The Financial Stability Board said May 31 that crypto-assets "do not pose material risks to global financial stability at present" but they raise policy issues beyond financial stability and "vigilant monitoring" of the nascent asset is necessary.
The FSB highlighted in the report — which will be sent to G20 finance ministers for their June meeting in Japan — the potential for regulatory gaps in cases where crypto-assets do not fall under the purview of market regulators and payment system oversight since such assets have been "designed to function outside established regulatory frameworks."
The FSB believes that a lack of international standards or recommendations can give rise to gaps as well. Due to the rapidly evolving nature of the crypto-asset ecosystem, it is difficult to assess how these potential gaps can affect overall financial stability. Thus, the FSB believes it is prudent to take a forward-looking approach for monitoring these assets because it would help provide a foundation for identifying potential gaps and which areas need to be prioritized.
The forward-looking assessments could include information on financial institutions' exposure to crypto-assets of both bank and non-bank entities. However, it should be based on information available publicly as much as possible.
The FSB said that authorities will have to consider the differences in legal frameworks across jurisdictions and the "fast-moving state" of the technology when determining their response, but that "multilateral action" is necessary for a coherent response.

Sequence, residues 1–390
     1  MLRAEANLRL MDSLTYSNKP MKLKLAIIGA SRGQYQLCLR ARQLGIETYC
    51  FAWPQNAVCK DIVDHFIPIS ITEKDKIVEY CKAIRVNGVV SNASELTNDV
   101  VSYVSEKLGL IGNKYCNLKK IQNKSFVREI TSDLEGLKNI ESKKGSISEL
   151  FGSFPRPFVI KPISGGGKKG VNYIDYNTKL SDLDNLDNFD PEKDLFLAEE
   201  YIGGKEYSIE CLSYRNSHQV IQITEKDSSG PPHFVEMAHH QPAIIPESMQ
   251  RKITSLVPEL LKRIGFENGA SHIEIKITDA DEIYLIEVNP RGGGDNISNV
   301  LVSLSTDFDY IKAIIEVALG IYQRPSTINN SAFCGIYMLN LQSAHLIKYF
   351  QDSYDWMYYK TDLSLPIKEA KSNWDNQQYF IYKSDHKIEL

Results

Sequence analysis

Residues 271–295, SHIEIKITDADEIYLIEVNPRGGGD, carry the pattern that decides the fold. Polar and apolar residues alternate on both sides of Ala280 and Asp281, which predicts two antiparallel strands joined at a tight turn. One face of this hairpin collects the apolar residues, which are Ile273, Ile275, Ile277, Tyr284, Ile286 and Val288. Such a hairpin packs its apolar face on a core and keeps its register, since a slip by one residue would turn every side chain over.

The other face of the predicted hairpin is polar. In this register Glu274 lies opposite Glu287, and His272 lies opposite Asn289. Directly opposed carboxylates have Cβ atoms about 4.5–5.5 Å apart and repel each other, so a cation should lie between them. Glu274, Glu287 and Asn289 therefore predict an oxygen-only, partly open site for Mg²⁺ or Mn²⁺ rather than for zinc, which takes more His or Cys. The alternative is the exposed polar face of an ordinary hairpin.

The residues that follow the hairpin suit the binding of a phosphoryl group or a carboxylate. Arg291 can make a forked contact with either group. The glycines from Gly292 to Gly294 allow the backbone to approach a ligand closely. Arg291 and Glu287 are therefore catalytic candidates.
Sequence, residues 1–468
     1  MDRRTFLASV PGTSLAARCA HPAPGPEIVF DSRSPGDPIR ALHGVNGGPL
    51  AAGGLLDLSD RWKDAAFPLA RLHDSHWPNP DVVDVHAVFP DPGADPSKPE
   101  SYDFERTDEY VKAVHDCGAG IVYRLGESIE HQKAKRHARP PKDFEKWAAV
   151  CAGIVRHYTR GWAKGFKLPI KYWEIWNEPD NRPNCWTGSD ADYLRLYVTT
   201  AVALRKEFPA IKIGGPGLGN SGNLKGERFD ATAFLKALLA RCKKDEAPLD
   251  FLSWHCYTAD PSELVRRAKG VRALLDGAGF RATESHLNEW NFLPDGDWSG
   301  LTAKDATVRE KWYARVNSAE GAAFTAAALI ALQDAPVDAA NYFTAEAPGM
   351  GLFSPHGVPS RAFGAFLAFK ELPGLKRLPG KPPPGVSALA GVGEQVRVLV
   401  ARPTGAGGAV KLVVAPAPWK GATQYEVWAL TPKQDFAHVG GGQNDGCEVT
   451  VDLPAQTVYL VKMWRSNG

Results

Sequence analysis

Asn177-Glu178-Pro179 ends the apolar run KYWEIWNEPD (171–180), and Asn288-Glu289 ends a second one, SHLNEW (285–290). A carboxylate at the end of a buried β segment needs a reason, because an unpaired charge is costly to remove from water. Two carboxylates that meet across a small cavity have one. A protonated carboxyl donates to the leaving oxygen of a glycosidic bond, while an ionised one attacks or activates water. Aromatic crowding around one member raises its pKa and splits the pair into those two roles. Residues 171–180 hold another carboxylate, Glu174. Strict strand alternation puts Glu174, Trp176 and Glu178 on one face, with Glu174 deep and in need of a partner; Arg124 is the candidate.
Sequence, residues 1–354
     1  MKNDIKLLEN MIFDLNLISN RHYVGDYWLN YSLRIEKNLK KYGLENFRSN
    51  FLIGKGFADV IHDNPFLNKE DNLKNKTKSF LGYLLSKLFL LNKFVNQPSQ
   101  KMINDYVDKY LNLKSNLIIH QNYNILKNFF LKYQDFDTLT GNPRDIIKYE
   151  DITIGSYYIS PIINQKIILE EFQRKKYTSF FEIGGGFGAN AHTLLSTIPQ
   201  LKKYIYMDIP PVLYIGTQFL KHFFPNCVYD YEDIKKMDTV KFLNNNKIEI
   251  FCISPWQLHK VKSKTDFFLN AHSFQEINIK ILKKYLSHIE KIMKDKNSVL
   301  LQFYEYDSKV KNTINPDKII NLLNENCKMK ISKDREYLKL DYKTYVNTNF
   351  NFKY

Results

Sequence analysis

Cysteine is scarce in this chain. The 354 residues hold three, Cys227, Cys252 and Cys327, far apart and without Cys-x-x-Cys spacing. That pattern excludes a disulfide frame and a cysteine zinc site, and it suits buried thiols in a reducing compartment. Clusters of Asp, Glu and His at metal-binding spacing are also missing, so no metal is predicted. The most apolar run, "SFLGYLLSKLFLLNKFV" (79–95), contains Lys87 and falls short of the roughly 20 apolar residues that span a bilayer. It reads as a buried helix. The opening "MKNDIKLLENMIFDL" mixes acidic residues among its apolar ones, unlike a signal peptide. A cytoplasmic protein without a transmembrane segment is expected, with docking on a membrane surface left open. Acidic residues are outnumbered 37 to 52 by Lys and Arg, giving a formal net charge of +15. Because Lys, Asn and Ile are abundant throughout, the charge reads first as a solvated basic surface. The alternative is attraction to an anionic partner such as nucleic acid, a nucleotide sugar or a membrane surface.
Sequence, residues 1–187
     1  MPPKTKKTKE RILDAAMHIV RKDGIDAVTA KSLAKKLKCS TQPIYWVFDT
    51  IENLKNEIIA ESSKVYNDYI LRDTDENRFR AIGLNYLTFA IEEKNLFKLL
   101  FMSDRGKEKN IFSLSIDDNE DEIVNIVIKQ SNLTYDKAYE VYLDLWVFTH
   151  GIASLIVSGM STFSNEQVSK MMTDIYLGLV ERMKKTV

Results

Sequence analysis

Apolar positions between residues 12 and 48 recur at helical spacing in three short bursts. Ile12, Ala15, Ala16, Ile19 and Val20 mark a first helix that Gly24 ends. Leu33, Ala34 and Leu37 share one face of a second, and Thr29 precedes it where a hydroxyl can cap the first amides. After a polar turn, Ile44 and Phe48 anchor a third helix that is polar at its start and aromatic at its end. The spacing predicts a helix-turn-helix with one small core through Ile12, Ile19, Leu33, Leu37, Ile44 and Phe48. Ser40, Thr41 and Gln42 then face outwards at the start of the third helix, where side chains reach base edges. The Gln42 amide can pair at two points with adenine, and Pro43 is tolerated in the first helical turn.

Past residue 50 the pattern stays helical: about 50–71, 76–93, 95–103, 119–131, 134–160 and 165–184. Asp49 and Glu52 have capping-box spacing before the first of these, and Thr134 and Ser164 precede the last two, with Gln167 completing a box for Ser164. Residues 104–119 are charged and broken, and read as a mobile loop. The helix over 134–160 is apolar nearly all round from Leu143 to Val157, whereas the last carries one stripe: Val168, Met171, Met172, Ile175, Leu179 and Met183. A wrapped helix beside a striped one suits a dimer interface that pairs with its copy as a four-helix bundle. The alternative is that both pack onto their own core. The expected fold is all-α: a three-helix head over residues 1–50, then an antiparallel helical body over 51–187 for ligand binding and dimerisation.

There is no consensus among FSB members on whether international organizations, which have been working to address the issues arising in the nascent industry, need to coordinate more for an appropriate multilateral response.
Some FSB members are of the mind that current policy tools are enough to address the majority of issues around crypto-assets, some think the policy implications around these assets do not always fall into existing remits which could lead to "regulatory asymmetries."
The FSB, which was formed by the G20 countries in 2009 after the financial crisis, advised the group to discuss the topic of regulatory approach and potential gaps as well as whether higher levels of coordination is necessary.